A freak snowstorm has covered vast swathes of nearly 14 US states under a blanket of white. The winter storm has cause snowfall even in traditionally warm states like Texas and Louisiana! The extreme cold caused turbines to freeze, leading to massive power outages. An estimated 2 million people in Texas alone have been left in the dark due to sudden power failures.
As cold weather conditions intensified over the weekend, Texas Governor Greg Abbott issued a warning on February 13, saying, “Every part of the state will face freezing conditions over the coming days, and I urge all Texans to remain vigilant against the extremely harsh weather that is coming.” Abbott also advised, “Stay off the roads, take conscious steps to conserve energy, and avoid dangerous practices like bringing generators indoors or heating homes with ovens or stovetops. Our emergency response to this winter weather requires a collective approach between state agencies, local officials, and Texans throughout our communities to ensure the safety and security of the Lone Star State.”
On Sunday, the White House issued a Federal Emergency Declaration for Texas in response to the severe winter weather. Governor Abbott sought and received a waiver from the U.S. Department of Energy that allows Texas power generators to increase production. However, some of those generators were unable to increase production because their operations were frozen by weather conditions.
“Due to the severe weather and freezing temperatures across our state, many power companies have been unable to generate power, whether it’s from coal, natural gas, or wind power,” said Governor Abbott. “ERCOT and the PUC are working non-stop to restore power supply. The state has also deployed resources to assist Texans without power and to help essential workers continue to carry out their jobs. In the meantime, I encourage all Texans to continue to stay off the roads, and conserve energy as state agencies work with private providers to restore power as quickly as possible,” said Abbott.
As per a press release issued today, the following resources have been deployed:
- Texas Department of Public Safety: 3,300 Troopers and 3,300 patrol vehicles responding statewide to events in areas adversely affected by winter weather
- Texas Military Department: 6 Winter Weather Packages consisting of 90 personnel, 28 High Mobility Multi-Wheeled Vehicles, 1 Field Light Ambulance, and 4 Wreckers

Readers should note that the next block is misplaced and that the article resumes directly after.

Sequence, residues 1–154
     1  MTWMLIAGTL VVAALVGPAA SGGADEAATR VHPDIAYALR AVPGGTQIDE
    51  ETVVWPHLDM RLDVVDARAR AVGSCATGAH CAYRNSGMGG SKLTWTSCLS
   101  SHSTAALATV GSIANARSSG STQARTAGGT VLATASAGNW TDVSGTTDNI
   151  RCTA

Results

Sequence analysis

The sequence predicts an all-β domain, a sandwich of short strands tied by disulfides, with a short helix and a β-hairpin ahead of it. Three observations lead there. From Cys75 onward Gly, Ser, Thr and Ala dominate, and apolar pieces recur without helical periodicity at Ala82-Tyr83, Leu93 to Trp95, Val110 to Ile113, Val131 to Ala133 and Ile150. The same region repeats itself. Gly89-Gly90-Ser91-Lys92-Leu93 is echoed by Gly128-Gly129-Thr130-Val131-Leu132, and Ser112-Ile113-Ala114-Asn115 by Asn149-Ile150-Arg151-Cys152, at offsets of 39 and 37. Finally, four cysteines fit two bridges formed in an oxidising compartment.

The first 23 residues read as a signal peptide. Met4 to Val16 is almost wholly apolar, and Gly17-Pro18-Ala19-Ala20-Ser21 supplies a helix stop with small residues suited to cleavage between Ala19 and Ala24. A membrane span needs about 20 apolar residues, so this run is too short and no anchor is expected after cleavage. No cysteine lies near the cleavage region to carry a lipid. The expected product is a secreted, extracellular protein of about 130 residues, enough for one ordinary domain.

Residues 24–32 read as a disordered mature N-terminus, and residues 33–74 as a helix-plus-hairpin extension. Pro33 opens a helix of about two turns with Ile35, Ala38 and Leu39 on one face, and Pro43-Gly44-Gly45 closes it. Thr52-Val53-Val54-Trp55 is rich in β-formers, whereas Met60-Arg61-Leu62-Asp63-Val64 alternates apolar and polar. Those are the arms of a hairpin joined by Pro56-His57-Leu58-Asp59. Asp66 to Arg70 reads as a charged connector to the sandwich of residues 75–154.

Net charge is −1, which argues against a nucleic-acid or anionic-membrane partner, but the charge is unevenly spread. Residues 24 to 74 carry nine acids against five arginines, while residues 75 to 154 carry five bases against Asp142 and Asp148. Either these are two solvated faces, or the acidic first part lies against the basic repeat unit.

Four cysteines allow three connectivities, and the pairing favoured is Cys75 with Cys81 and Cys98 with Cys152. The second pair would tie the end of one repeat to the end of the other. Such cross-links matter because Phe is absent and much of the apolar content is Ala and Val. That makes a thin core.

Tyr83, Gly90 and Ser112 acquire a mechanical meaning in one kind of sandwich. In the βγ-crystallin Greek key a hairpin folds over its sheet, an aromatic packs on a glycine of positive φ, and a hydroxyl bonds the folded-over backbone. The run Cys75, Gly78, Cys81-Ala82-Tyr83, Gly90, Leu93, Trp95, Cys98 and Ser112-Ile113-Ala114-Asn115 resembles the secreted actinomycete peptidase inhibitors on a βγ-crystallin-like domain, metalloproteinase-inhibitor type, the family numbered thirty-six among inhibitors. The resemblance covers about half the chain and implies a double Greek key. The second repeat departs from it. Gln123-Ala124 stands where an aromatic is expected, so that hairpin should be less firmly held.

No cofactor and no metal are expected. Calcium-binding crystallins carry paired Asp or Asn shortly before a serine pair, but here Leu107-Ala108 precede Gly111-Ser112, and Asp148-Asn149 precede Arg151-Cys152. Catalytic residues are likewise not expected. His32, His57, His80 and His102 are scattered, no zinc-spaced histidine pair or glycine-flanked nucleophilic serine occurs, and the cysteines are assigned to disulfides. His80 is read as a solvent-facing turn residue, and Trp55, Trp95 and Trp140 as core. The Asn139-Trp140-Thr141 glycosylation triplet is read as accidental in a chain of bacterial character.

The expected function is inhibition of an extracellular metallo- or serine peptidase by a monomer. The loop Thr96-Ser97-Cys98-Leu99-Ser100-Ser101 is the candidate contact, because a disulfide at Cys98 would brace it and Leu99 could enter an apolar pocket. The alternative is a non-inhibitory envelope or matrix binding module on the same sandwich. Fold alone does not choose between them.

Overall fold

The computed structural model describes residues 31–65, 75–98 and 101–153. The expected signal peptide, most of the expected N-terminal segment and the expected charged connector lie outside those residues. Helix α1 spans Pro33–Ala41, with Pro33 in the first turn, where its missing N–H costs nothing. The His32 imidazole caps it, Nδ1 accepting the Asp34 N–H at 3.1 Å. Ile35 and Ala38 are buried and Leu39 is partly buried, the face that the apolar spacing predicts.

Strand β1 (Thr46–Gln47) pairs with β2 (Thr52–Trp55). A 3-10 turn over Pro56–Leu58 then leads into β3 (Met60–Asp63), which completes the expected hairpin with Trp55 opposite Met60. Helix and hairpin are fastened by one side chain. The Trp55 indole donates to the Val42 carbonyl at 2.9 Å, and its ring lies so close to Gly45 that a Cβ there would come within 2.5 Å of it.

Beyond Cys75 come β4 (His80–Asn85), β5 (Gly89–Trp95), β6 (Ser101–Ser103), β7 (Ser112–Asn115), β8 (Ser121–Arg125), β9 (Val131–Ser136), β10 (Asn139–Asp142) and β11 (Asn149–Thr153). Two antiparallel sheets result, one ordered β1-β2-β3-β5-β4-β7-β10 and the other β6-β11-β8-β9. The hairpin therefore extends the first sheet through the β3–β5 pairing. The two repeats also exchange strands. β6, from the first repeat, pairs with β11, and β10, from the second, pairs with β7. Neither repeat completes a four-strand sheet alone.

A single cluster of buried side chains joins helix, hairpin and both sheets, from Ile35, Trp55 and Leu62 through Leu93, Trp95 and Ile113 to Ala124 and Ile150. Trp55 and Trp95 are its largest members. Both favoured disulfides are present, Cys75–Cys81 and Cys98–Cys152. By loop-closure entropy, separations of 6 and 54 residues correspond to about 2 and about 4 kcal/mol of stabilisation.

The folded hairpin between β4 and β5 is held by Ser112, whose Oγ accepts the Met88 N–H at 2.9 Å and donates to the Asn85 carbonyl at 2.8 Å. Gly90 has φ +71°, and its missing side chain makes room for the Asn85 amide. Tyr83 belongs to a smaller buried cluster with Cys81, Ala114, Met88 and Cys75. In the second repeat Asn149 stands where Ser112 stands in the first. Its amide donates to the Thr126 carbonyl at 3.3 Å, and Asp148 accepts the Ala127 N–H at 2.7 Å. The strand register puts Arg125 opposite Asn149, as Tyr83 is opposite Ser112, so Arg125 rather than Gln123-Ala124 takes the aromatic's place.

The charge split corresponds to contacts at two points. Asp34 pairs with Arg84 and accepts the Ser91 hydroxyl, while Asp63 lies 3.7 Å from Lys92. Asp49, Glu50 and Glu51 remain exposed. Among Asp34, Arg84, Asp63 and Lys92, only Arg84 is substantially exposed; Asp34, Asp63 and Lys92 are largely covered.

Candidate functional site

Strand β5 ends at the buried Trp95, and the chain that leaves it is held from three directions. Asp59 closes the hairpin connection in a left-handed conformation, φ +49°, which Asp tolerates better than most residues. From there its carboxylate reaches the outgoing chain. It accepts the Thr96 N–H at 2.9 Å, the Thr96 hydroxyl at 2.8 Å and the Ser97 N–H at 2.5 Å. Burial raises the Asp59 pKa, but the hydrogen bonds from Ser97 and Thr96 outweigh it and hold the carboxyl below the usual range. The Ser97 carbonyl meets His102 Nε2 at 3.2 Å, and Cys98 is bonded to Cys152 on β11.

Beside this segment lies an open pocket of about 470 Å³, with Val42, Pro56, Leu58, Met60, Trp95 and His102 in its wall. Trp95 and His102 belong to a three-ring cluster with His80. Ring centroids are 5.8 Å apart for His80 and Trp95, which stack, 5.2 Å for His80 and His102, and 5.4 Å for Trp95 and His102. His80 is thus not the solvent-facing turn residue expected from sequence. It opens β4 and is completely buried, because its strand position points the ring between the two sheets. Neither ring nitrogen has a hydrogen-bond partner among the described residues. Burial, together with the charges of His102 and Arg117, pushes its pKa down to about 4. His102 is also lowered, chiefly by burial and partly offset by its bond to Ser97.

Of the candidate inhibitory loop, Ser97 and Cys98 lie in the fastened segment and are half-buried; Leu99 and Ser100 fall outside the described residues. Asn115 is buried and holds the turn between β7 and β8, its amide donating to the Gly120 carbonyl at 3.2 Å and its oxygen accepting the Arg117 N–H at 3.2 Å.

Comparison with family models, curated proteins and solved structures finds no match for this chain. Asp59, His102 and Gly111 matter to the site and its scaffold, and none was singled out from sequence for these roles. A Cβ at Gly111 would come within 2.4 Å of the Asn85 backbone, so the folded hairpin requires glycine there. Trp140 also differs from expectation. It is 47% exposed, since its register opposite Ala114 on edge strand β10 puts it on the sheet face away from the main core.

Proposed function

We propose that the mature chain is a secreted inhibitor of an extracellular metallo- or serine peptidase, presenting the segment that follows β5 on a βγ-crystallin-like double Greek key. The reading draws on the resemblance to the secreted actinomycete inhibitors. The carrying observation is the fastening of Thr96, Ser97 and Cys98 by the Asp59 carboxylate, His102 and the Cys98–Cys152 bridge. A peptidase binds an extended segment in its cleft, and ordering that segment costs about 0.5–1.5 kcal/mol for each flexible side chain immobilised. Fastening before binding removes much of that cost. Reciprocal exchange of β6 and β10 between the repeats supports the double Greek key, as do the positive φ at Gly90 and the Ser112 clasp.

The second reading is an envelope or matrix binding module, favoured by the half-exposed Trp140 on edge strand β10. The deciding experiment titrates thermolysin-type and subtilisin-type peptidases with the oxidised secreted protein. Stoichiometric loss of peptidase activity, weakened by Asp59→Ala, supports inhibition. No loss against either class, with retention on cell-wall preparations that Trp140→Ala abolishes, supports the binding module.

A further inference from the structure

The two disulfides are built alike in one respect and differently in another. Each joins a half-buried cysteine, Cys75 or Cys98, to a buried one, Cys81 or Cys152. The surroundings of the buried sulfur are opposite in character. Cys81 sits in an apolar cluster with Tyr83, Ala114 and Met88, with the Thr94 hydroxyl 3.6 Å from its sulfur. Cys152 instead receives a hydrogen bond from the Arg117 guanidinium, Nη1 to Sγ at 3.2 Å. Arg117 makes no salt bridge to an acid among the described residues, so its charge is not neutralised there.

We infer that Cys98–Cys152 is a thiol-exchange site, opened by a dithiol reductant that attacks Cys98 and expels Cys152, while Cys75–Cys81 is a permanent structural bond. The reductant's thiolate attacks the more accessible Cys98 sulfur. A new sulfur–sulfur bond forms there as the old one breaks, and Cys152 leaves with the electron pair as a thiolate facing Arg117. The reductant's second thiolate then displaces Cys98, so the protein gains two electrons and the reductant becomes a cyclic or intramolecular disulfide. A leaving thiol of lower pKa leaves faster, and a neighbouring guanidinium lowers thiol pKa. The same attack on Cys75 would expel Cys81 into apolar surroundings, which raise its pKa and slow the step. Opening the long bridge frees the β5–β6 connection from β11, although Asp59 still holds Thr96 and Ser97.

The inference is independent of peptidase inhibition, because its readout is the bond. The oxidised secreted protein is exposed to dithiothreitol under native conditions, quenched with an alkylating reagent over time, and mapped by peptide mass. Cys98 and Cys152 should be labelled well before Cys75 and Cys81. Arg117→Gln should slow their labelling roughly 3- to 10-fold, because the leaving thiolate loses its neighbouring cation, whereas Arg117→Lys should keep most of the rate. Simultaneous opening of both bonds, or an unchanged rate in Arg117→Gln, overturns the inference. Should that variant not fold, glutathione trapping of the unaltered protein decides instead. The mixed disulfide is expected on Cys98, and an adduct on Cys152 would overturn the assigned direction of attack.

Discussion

- Texas Parks and Wildlife Department: 585 personnel, 531 4×4 vehicles, 50 UAS, 1 aircraft and 9 K9 teams
- Texas A&M Forest Service: 83 personnel, 6 Motor Graders, and 58 4×4’s
- Texas Department of Transportation: 2,314 personnel, 695 snowplows, 188 loaders, 55 Motor Graders and 757 4×4 vehicles
- Texas Emergency Medical Task Force: 1 AMBUS and 1 Ambulance Strike Team and 4 Severe Weather Packages consisting of 1 Task Force Leader, 1 MIST,1 AMBUS and 1 Ambulance Strike Team each on stand-by
Meanwhile, next door in Louisiana, a state that has never seen a white Christmas, residents will see their first white Mardi Gras! Governor John Bell Edwards has also instituted a host of emergency measures, and advised people to conserve power.
State offices remained closed on Monday, emergency shelters were set up to help the homeless, and rolling blackouts were instituted to deal with the shortage of power.
Power companies also appealed to customers to voluntarily reduce their consumption:
The Louisiana Department of Health also tweeted important advisories:
LA State Police advised people against driving saying, “A mixture of snow, sleet, and freezing rain has been falling across Louisiana, making roadways dangerous for travel. Troopers are working crashes and assisting motorists, who have become disabled. We are asking the public to avoid traveling.” Many roads were shut down, and police assisted stranded motorists throughout the day.
Other states in the path of the winter storm include New Mexico, Oklahoma, Tennessee and Kentucky. The deaths of 11 people have reportedly been linked to the winter storm with some having died of carbon monoxide poisoning from being stuck in cars or running generators indoors without proper ventilation.
*Feature image courtesy LA State Police twitter account.